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Press Release

Jonathan Potts

For immediate release:
March 12, 2003

Carnegie Mellon Modern Languages Head Receives Unique Honor

PITTSBURGH—G. Richard Tucker, head of the Department of Modern Languages at Carnegie Mellon University and an internationally recognized expert in language education, will receive the 2002 Award for Distinguished Scholarship and Service from the American Association of Applied Linguistics (AAAL) on March 22 at the organization's annual conference in Arlington, Va.

With this award, Tucker will become the only person to have been honored by all four of the major North American language education associations: the AAAL, the American Council on the Teaching of Foreign Languages, the National Association for Bilingual Education and Teachers of English to Speakers of Other Languages.

"Both by personal inclination and the nature of my work during the past 36 years, I've had an opportunity to be actively involved with all of the major American language education associations," Tucker said.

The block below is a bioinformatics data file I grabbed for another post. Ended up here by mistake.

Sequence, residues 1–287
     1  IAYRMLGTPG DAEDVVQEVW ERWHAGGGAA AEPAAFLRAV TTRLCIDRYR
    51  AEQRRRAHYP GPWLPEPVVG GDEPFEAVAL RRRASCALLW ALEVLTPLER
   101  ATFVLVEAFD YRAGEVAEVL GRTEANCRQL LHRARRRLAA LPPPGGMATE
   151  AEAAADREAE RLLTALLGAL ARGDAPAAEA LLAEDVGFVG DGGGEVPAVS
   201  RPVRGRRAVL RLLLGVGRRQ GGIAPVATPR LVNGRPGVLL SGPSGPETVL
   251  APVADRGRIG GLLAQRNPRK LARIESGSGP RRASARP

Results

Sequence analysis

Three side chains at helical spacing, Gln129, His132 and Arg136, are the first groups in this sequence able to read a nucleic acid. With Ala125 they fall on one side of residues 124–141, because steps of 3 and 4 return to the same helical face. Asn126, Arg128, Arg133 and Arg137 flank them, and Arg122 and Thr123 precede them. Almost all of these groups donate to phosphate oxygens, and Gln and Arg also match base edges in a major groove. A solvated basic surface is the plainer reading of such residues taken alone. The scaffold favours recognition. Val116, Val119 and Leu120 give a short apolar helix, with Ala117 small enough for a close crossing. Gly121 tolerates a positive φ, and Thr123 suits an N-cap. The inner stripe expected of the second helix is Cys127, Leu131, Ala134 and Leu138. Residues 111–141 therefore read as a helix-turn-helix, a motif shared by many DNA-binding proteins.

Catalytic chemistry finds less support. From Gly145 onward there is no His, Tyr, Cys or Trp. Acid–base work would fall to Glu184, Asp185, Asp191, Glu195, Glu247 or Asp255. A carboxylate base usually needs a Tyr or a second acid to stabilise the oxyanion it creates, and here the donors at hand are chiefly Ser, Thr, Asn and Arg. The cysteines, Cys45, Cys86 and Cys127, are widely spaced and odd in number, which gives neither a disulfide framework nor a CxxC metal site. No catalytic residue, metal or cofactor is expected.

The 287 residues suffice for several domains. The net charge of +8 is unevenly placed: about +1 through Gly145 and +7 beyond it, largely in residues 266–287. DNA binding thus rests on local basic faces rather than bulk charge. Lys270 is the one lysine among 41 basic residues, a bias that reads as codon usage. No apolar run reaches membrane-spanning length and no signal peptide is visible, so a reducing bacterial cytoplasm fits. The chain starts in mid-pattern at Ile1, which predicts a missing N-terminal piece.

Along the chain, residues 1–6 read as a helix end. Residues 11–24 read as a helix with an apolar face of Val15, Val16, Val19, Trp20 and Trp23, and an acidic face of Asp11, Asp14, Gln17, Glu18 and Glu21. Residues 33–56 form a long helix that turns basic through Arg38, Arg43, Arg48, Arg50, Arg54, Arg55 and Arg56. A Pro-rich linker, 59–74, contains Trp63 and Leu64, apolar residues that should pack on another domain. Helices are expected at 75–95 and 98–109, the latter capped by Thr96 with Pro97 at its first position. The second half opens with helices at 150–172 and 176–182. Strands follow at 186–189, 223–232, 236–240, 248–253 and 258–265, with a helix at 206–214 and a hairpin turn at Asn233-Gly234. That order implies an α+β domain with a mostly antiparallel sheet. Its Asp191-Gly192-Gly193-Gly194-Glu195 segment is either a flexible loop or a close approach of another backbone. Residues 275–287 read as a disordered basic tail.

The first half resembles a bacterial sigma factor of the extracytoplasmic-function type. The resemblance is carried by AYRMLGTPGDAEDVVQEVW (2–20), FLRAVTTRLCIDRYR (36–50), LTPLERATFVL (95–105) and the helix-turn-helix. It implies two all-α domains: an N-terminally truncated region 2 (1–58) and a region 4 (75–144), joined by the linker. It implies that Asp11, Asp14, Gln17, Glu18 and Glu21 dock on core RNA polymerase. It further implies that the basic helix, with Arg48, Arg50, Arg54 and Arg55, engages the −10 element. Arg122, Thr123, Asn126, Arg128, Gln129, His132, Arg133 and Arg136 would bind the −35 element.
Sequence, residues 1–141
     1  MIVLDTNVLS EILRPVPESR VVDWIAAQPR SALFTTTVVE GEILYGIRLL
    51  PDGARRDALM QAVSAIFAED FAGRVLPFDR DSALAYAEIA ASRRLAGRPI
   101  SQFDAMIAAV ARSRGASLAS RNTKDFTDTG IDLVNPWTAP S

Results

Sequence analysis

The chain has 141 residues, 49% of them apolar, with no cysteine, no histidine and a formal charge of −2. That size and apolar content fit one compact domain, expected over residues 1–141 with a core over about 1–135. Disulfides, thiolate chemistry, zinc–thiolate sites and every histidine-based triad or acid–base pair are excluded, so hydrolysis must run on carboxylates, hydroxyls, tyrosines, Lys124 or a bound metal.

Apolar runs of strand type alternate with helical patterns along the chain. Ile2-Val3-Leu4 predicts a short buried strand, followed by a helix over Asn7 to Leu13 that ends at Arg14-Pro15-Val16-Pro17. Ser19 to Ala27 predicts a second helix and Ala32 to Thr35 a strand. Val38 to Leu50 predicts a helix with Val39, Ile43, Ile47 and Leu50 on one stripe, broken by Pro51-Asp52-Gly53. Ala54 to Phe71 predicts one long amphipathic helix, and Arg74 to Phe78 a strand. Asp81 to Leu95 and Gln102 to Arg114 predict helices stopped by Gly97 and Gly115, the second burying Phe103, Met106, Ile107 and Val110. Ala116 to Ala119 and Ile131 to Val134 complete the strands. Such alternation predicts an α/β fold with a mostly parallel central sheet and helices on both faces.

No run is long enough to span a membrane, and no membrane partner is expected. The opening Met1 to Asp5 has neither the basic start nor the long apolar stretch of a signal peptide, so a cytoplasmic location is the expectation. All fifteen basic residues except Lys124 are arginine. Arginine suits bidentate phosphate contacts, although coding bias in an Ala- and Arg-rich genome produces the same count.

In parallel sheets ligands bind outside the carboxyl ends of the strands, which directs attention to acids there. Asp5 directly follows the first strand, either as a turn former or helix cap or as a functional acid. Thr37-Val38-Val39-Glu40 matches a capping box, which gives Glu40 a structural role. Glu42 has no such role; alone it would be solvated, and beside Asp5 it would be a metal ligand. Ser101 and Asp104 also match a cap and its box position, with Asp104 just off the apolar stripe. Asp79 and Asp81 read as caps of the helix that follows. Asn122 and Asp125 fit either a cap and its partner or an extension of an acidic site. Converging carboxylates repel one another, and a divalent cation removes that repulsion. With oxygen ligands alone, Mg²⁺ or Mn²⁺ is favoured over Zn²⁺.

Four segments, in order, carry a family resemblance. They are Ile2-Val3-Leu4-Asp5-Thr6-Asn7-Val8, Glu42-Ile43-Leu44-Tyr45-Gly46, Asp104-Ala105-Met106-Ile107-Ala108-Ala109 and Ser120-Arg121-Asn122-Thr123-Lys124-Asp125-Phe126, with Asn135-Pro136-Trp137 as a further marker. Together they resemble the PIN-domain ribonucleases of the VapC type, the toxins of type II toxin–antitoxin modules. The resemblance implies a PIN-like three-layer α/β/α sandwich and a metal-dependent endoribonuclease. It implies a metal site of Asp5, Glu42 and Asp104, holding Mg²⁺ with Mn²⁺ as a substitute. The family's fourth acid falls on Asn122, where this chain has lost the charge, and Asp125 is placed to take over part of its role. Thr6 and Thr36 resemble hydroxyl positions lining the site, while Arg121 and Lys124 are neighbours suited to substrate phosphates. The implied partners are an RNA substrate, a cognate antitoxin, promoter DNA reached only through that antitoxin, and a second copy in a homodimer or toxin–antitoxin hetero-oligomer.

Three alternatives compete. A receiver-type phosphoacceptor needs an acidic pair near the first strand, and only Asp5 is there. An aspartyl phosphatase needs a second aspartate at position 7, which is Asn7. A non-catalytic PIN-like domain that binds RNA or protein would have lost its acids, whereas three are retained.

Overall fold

"It has been the AAAL that I have always considered to be my own personal reference group, so I am particularly pleased and honored by this recognition," he said.

A professor of applied linguistics, Tucker has been at Carnegie Mellon since 1992 and has been the head of the Department of Modern Languages since 1995. He has planned and implemented national language surveys in several developing nations, including Jordan, the Sudan and the Philippines. Tucker also conducted a 12-year longitudinal study of foreign language immersion programs in Quebec.

His research includes evaluating the development and implementation of an innovative Japanese program for elementary school students in Pittsburgh and assessing the implementation of an innovative Spanish program for elementary school youngsters in the Chartiers Valley School District. Tucker has published more than 200 books, articles or reviews concerning diverse aspects of second language learning and teaching. He has spent a number of years living and working as a Language Education advisor for the International Division of the Ford Foundation in Southeast Asia and in the Middle East and North Africa.

"He has been a key player in establishing the field of applied linguistics and has been a real source of inspiration for so many of us as well as a role model as a leader, researcher and colleague," said Margie Berns, president of the AAAL.


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